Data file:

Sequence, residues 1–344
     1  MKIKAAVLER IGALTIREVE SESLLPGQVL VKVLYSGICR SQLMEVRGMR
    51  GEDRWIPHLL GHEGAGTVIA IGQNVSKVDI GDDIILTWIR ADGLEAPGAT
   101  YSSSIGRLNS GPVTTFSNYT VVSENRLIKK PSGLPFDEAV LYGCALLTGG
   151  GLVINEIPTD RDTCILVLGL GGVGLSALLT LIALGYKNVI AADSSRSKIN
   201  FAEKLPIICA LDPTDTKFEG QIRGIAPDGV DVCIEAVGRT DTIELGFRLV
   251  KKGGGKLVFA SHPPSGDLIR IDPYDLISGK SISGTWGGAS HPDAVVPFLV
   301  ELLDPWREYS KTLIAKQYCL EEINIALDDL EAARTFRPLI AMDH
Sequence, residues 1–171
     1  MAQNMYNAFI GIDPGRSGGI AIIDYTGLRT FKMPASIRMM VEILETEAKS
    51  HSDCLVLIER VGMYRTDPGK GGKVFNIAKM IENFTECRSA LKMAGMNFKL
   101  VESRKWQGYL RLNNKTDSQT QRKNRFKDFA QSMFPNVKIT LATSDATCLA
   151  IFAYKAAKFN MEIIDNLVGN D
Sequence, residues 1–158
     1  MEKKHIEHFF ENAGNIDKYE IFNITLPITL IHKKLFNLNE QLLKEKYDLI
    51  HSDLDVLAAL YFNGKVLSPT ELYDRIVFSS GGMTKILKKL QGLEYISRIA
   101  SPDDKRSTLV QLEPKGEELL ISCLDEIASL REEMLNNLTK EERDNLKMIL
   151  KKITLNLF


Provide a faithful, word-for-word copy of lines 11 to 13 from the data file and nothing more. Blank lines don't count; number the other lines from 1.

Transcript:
    51  HSDCLVLIER VGMYRTDPGK GGKVFNIAKM IENFTECRSA LKMAGMNFKL
   101  VESRKWQGYL RLNNKTDSQT QRKNRFKDFA QSMFPNVKIT LATSDATCLA
   151  IFAYKAAKFN MEIIDNLVGN D